Eating Crocodile Helped Boost Early Human Brains?
A diet of crocodiles and other aquatic animals may have given early humans lots of "good fat," leading to bigger brains, a new study says.
The work is based on bones and artifacts from a prehistoric "kitchen" that make up the earliest evidence that humans ate aquatic animals.
Stone tools and the butchered bones of turtles, crocodiles, and fish were found at the 1.95-million-year-old site in northern Kenya. No human bones were found, but the combination of remains suggests early humans used the site specifically to prepare meals.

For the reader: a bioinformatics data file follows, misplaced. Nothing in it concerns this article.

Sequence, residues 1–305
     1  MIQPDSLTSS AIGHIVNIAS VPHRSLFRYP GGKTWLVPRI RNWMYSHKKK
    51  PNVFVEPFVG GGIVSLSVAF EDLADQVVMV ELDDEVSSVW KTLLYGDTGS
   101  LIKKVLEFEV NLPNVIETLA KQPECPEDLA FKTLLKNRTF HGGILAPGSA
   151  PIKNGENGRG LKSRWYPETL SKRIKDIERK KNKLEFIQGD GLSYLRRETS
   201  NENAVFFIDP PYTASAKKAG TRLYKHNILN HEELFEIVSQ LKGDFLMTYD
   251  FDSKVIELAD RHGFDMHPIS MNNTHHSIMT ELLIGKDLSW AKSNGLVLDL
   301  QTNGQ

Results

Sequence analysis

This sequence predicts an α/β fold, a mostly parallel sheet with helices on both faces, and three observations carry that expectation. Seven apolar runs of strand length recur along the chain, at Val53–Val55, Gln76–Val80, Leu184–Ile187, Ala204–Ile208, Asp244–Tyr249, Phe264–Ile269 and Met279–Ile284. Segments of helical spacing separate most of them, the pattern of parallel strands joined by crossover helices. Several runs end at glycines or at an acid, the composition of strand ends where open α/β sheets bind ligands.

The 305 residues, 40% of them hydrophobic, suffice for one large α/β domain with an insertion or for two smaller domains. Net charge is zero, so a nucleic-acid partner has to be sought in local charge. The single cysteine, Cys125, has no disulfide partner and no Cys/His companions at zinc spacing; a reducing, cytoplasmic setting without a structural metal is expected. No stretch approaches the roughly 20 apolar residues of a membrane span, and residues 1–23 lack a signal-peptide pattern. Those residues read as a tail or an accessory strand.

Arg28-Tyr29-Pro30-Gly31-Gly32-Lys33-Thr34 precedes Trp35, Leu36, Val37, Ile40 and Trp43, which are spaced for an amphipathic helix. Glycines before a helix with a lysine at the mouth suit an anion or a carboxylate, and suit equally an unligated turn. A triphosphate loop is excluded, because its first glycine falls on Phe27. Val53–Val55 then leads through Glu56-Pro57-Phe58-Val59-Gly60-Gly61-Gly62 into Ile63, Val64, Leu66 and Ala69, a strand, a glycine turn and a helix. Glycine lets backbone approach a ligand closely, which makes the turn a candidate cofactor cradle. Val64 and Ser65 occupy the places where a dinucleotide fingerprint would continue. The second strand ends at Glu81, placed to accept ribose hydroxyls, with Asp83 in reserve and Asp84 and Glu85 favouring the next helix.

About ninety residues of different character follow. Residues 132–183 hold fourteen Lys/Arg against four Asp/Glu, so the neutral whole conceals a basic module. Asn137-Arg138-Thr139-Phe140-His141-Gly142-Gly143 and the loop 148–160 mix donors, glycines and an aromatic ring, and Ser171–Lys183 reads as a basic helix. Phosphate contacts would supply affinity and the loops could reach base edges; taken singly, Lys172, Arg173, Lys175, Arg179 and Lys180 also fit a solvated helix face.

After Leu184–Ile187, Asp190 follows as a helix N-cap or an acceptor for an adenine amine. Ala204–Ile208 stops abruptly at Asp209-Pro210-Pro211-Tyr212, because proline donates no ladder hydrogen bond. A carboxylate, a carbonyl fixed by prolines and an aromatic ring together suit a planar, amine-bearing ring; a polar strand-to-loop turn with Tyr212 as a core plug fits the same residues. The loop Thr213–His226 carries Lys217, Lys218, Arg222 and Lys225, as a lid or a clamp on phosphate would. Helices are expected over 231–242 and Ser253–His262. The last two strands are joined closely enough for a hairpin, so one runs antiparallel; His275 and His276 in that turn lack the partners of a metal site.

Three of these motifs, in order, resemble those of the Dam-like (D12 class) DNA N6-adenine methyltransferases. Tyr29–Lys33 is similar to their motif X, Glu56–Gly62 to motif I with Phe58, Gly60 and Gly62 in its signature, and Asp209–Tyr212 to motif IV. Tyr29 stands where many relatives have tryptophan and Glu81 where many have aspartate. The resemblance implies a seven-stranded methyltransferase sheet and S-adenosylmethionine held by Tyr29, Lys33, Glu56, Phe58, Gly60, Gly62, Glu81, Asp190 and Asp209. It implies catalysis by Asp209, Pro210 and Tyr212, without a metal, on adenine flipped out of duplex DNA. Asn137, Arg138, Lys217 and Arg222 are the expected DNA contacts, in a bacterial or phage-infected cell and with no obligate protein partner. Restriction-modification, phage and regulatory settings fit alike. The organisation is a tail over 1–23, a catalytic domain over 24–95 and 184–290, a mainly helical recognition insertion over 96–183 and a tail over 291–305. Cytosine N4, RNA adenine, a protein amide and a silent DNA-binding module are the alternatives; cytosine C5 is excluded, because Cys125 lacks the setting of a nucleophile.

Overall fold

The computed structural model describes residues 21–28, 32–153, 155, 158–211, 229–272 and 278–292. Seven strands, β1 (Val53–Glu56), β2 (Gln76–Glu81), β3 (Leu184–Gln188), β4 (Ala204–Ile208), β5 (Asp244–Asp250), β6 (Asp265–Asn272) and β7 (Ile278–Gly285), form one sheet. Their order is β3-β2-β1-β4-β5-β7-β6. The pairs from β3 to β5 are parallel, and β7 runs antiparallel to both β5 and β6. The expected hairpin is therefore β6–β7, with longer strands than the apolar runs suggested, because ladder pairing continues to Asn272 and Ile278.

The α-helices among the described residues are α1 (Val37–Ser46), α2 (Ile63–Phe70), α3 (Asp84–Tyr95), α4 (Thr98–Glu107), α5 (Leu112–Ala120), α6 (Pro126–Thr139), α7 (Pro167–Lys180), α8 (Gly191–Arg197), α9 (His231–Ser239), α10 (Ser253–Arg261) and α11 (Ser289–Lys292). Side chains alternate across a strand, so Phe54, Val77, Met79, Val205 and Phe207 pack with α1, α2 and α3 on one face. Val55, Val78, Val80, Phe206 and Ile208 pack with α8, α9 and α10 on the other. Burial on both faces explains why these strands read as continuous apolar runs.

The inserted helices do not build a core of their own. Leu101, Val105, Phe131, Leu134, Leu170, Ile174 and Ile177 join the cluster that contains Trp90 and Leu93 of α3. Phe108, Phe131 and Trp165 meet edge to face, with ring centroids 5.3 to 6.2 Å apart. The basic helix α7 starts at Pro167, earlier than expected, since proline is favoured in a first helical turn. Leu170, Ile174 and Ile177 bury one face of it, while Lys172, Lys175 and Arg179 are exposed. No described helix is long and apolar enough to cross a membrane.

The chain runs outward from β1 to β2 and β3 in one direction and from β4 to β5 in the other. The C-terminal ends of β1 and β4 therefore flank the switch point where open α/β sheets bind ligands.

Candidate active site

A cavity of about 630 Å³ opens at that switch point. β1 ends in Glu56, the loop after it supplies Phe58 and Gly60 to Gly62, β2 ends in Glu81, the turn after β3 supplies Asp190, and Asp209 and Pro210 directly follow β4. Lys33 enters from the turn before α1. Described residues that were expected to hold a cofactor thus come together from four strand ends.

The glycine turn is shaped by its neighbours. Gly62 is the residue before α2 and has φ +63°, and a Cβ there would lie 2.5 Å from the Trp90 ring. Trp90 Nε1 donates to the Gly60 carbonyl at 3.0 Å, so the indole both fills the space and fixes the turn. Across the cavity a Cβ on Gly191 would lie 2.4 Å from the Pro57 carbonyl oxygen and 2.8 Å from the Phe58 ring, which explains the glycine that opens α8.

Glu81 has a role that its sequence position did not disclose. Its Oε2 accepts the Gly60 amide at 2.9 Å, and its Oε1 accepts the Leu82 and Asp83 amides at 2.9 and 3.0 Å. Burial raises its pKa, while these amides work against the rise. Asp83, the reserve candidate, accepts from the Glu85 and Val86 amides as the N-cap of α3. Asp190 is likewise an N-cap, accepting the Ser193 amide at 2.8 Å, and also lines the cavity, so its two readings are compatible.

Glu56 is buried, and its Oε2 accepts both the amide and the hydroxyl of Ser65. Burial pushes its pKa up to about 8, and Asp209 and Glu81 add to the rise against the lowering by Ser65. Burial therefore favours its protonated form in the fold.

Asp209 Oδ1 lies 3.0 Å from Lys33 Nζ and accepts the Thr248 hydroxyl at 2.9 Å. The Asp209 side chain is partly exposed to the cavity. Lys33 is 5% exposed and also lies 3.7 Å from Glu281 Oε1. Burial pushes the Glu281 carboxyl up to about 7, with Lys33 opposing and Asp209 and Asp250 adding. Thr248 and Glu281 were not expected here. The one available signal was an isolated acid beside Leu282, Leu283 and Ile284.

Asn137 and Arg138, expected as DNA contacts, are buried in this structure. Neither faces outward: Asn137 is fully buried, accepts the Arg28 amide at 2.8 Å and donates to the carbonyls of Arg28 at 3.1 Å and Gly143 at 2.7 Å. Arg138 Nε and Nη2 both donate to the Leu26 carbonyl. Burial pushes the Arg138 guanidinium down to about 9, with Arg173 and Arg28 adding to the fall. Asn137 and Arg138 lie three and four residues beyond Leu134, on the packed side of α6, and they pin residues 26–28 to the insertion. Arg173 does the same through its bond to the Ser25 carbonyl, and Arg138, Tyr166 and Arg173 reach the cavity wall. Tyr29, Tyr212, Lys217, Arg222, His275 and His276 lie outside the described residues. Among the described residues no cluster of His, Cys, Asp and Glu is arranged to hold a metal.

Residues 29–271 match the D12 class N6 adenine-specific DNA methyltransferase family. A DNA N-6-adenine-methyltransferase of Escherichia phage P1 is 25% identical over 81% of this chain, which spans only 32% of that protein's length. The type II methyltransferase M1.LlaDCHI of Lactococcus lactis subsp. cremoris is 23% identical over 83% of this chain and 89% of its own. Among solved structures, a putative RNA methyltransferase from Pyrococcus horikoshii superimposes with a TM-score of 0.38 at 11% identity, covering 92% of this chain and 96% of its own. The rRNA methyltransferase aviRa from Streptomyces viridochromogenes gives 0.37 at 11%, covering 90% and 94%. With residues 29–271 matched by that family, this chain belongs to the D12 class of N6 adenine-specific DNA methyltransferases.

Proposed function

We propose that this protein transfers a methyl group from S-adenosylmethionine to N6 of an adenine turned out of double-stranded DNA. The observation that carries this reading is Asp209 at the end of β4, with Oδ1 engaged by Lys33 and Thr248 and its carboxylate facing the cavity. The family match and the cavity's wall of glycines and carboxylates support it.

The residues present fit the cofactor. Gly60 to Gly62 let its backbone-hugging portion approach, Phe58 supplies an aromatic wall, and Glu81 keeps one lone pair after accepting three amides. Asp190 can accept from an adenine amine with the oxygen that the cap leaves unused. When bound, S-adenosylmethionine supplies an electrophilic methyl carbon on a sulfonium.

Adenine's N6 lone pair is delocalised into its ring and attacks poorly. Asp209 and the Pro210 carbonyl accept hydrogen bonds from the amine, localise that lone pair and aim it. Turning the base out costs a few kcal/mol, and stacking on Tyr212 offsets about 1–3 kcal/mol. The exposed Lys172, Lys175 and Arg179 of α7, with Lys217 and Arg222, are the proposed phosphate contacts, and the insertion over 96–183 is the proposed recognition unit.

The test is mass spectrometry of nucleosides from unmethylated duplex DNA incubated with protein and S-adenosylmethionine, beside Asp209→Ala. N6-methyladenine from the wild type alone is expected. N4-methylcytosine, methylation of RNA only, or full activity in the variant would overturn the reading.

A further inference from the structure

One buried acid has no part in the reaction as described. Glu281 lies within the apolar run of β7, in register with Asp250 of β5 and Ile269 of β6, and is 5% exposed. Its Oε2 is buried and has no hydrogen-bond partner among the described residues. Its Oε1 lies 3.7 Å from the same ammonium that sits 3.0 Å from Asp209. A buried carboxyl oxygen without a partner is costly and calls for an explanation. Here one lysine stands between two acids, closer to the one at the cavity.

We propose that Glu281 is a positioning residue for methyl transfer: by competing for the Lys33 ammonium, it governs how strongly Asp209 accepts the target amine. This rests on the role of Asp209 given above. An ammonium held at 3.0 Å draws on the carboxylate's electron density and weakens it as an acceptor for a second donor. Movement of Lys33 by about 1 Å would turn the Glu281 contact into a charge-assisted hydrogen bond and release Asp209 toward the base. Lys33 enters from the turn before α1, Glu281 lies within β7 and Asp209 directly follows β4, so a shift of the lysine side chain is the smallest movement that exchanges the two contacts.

(See: "Oldest Human Species Found: May Have Been Cannibal?")
According to the study authors, the addition of water-based prey into early-human diets may have been what boosted brain size in certain hominins—humans plus human ancestral species and their close evolutionary relatives.
That's because reptiles and fish are particularly